Is Ashton the answer to Rooney’s problem?
August 21, 2008 1 Comment
Whilst perusing the excellent Two hundred Per Cent blog (link on the left), I noticed a recent post made regarding England’s performance and suddenly felt compelled to respond. it ended up being slightly longer than planned so I decided to cross-post it here as well. The original post can be found here, if you’re looking for some sort of context.
I think it’s an interesting point about Rooney and I agree largely. My opinion with the England side is that you take your best players and build around their strengths. Rooney would fall into this catergory (and I’ll disagree with you by saying Gerrard does too).
When has Rooney played really well for England though? His peak was playing in a 4-4-1-1 sort of role where he could drop somewhat deep and collect the ball in between the opposition defence and midfield. The thing stopping England playing this system at the moment is the lack of a suitable striker to lead the line. Owen and WR had a decent partnership and could do again, but questions remain over Owen’s physical presence and his ever-decreasing pace. For Newcastle he is being deployed in a deeper role with Martins and / or Viduka ahead of him so maybe he is not up to the task of playing on the shoulder of the defenders at international level anymore.
None of the other strikers to have been experimented with have proved hugely successful. Capello seems to like Defoe but he’ll need to improve if he wants to keep a place in the side. Crouch had a good scoring record but wasn’t even in the squad for some reason. Also, he’s one of those players that it is easy to drop and face no recriminations from media or fans. Andy Johnson, Darren Bent & Emile Heskey all have the pace and physicality to play the foil to Rooney but do they have the required skill needed to out-think top quaility defences?
Playing a four in midfield to accommodate Rooney also poses problems. Personally I’d have Gerrard’s name on the team sheet and work around him, and in the middle of the park. He shouldn’t suffer like Essien does at Chelsea where he is so versatile that inferior players get picked in his position ahead of him. Barry provides good balance so play him in the middle alongside him. That leaves two wide midfielders to choose. Joe Cole should be a lock on the left although a case could be made for Ashley Young. I’d retire Beckham because he contributes so little at this point and give a few games to the natural successor, David Bentley. A 4-4-1-1 of:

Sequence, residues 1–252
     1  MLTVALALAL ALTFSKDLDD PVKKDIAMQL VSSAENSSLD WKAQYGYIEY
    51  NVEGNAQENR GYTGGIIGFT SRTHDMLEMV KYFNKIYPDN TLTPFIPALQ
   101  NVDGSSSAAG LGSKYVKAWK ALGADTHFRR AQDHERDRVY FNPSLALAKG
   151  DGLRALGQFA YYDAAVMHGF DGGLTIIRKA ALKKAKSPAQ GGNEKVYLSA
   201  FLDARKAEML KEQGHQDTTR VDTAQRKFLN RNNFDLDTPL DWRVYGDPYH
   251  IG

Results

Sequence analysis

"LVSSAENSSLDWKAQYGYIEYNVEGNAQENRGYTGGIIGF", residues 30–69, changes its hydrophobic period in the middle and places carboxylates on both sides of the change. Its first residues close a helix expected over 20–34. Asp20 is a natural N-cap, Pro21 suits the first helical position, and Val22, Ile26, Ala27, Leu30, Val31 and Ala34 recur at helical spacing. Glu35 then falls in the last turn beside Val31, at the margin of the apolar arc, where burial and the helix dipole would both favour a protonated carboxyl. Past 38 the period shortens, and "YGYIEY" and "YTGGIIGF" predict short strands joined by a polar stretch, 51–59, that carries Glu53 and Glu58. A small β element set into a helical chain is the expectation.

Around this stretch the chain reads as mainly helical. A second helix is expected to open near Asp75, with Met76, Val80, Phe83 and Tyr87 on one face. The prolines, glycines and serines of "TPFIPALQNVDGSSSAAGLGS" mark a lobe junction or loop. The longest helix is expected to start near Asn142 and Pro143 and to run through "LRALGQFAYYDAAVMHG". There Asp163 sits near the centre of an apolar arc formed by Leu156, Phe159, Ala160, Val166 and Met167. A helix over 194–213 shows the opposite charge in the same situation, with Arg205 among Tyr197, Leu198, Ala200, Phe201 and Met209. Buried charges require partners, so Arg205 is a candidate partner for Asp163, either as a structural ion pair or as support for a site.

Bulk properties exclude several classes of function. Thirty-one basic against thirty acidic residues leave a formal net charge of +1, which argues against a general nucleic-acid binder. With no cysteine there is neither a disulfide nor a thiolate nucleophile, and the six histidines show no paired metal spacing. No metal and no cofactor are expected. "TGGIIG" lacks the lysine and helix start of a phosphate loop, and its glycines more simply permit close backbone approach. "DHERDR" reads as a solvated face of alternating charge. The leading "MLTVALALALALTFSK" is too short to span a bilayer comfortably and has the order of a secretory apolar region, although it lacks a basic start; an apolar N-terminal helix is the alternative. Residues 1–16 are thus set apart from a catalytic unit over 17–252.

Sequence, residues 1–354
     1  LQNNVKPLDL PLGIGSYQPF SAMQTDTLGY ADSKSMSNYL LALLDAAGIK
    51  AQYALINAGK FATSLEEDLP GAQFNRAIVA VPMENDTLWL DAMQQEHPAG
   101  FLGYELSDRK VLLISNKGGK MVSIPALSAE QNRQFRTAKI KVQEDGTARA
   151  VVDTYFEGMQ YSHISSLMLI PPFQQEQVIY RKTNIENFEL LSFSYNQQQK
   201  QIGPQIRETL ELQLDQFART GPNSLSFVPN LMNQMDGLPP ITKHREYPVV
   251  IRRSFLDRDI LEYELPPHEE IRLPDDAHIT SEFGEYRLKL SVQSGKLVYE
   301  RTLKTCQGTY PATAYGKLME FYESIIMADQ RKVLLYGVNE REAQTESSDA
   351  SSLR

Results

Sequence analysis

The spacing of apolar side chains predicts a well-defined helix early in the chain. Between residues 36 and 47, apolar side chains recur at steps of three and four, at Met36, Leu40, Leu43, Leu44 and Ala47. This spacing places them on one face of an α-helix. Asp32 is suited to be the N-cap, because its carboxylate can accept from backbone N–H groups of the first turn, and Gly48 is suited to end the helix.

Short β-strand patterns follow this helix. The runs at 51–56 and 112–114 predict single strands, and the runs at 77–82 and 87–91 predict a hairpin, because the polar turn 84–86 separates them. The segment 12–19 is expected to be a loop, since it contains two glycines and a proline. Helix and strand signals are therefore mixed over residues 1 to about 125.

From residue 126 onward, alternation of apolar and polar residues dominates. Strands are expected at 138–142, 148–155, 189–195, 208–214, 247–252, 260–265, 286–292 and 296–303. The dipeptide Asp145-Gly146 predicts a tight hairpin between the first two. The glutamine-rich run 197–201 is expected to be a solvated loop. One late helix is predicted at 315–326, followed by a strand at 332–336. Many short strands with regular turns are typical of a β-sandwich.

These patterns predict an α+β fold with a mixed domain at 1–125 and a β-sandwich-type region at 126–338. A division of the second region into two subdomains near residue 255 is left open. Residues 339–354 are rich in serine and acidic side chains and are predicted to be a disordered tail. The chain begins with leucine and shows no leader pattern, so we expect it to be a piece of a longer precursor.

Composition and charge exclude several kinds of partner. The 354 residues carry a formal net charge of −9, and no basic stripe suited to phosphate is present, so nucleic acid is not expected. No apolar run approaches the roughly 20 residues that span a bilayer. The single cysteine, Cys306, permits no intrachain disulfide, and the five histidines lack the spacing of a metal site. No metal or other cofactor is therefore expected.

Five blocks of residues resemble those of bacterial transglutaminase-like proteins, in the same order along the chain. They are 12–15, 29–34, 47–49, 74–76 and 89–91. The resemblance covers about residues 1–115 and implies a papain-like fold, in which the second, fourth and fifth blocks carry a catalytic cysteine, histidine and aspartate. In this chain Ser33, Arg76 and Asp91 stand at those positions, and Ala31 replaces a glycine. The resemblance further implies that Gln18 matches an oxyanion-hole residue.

Cole Barry Gerrard Bentley
…looks good on paper but if you haven’t got a focal point then the whole thing is negated. The only person I see likely to be the missing link any time soon is Dean Ashton. The main knocks against him are his weight (and subsequent lack of pace) and his proneness to injury. If he can stay fit long enough then he more than deserves a few games to try and make the slot his own. Until then, Ivanhoe should carry on purely because he’s the best have at linking the play even though he provides so little goalscoring threat. Darren Bent should also come under consideration if he starts playing well for Spurs in what looks like being a similar system with Modric playing off him.
4-3-3 or 4-5-1 are experiments that always get written off for wasting Rooney. it is claimed that he is not involved in the game enough to justify his talent when played either side of a main striker and is responsible for tracking back etc. At the same time he seems unsuitable / unwilling to play as a lone frontman and as we have seen in the past when tried there – his frustration at being isolated leads to aggressive outbursts. Portugal, 2006 springs to mind.
While the GK is not decided, Foster, Kirkland, Green and James are all pretty solid in my mind and I wouldn’t object to seeing any of them in goal. Similarly, the defence seems set in stone (although where on earth is Micah Richards?) and seem settled as a unit.
The problem can be defined by the problem with Rooney. And there is only a problem with Rooney because we lack a suitable striker to play the 4-4-1-1 that so clearly seems the best solution. It may have seemed unthinkable until just now, but I think I’ve convinced myself that any success in the next two years lies on the pizza-bolstered shoulders of West Ham’s number nine. Maybe we have more problems than I thought…